Volume 9, Issue 11
Last week De Minimis published the article “MLS Students Welcome Library Changes”. It was a satirical piece which discussed the recent renovations to level 3 of the law library. The changes were made, it said, “in an effort to better accommodate the primary users of the Law Library - commerce students”.
This isn’t the first time that non-law student use of the law library has been discussed in De Minimis. In 2014, in the article “SNAILS Invade Law School”, SNAILS (Students Not Actually In Law School) were defined as “from diverse backgrounds”, in the “possession of a calculator or macroeconomics textbook” and carrying the “scent of teenager”. The racial connotations behind these statements were reinforced by the proposal that “we could send the SNAILS over to the traffic island outside the law building for processing to ensure only the worthiest are granted access.”
Non-law student use of the law library is in no way constrained to commerce students. The reason that “SNAILS” are so strongly associated with commerce students is, let’s be frank, because of the strong association of commerce students with students from an Asian background.
A number of MLS students of Asian descent have voiced their discomfort at last week’s article.
One MLS student, Allison Fong (who, readers should note, the author knows personally), commented, “I don’t know if it’s a correct assumption, but when I saw the word ‘commerce student’ I thought immediately that it was directed at Asian students. It’s just not right. If it’s not directed at Asian students, then what else could it be? We know how the stereotype goes. There are a lot of international Asian students who are taking a commerce degree.”
The association is, every now and then, made explicit. Last year the current LSS Equality Officer, JJ Kim, documented a conversation he overheard between two law students at spring social. One student was told, “I’m just saying! You’re alright man, you’re not a part of them, you’re like a white Asian… but some of these Asians you see around the building, I can’t bloody stand them!”
Australia has one of the highest proportion of international students in the world, education being one of Australia's top 4 exports after iron ore, natural gas and coal. By far the highest number of international students are from China.
Universities see international students as one of their primary sources of revenue: one of the University of Melbourne’s “targets” to increase revenue was recently stated as being to “broaden the base of international enrolments”(see here, p 13). Graycar, in his paper “Racism and the Tertiary Student Experience in Australia”, writes that when education is treated as a consumer activity, in which cash is exchanged for a qualification, rather than as a holistic experience, then this inevitably leads to systemic exploitation (see here, p 10). Resources aren’t devoted to ensuring international student well-being; rather the focus is on extracting as much cash from them as possible.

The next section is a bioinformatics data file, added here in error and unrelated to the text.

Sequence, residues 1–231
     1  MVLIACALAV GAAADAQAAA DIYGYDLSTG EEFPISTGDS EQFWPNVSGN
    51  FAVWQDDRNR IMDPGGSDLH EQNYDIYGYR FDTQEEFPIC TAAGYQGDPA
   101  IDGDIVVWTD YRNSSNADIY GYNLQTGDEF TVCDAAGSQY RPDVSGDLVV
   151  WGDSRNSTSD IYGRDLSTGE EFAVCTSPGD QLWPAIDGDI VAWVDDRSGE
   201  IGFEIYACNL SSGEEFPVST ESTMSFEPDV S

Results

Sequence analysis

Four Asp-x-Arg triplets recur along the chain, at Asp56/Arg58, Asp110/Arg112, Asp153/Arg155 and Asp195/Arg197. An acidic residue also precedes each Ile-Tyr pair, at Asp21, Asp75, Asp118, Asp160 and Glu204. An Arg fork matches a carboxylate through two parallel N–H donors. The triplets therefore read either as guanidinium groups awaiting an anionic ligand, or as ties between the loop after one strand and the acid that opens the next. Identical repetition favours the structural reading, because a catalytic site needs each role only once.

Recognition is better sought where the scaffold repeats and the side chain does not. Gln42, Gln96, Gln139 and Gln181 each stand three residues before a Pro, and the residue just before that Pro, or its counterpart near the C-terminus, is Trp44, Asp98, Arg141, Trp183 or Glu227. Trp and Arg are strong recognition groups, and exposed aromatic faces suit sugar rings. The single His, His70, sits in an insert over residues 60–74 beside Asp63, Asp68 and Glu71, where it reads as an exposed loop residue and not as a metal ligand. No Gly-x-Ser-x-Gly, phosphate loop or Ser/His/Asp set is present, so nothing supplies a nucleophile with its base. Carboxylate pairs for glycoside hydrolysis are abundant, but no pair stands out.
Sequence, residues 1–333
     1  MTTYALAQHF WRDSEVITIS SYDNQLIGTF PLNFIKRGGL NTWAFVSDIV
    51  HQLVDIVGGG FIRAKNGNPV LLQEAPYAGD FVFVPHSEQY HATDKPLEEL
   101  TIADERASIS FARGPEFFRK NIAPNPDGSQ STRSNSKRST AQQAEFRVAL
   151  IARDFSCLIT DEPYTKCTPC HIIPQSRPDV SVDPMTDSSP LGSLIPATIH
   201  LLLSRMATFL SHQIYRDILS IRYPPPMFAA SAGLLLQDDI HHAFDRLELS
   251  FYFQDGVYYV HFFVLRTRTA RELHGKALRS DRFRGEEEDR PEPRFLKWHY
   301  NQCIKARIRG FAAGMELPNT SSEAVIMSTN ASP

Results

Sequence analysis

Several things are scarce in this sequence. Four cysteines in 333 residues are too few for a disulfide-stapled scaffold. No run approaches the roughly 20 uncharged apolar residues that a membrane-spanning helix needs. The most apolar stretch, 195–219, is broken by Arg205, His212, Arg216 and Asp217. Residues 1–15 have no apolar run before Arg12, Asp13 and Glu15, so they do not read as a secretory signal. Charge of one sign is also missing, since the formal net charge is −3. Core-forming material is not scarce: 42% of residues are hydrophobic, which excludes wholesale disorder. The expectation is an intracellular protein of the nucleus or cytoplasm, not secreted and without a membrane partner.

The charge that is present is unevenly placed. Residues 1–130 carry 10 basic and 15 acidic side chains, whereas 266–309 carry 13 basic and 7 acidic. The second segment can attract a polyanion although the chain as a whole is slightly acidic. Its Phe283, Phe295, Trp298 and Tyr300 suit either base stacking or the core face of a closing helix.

Exploitation is experienced by international students in a great number of ways. According to a recent survey of more than 200 international students by the union United Voice, for example, 60 per cent earned less than the national minimum wage ($16.37 an hour), and a quarter of those surveyed received $10 or less an hour (see here).
International students also face problems accessing safe, adequate and affordable housing; problems with personal safety and security; problems accessing physical and mental health services, including information and health services for women; and privacy problems (see here).
As JJ Kim recognised in his article, the systemic problems arising out of seeing international students as not much more than dollar signs do not have easy solutions. What we can do, however, “is control our reaction, attitude and behaviour.” We should be careful to exercise that control - the “negative feelings towards SNAILS subconsciously translates into negative feelings towards Asians.”
This is particularly important at a time when economic problems are leading to an increase in nationalist sentiments globally. Immigrants are being used as scapegoats for the problems caused by the financialisation of the economy, which has led to almost unfathomable levels of inequality.
The massive following Donald Trump has, for example, is due, first, to his protectionist economic policy targeted at increasing domestic employment and, second, to his hateful stance on immigrants – his idea for a “Great Wall of Trump” and his proposal for a blanket ban on Muslim immigrants (see here).
The MLS library is an interesting place for this same dynamic to be playing out. We should be wary. How would international students undertaking the commerce degree have felt reading the De Minimis article last week?
Of course, the law student area is the law student area. But should we feel entitled to the whole building? Should we indulge the feeling that “they” are using “our” stuff?
As Allison Fong stated, “Immediately when I saw the word commerce, I thought back to [JJ Kim’s] article, and my first instinct was that it was directed at this ‘Asian issue’ which is just a bit disappointing if people are thinking of it as an issue. I think the whole point of that article is that it shouldn’t matter if they’re law students. We should all be included.”
Duncan Wallace is a third-year JD student and Chief Editor of De Minimis.
The rest of this week's issue:
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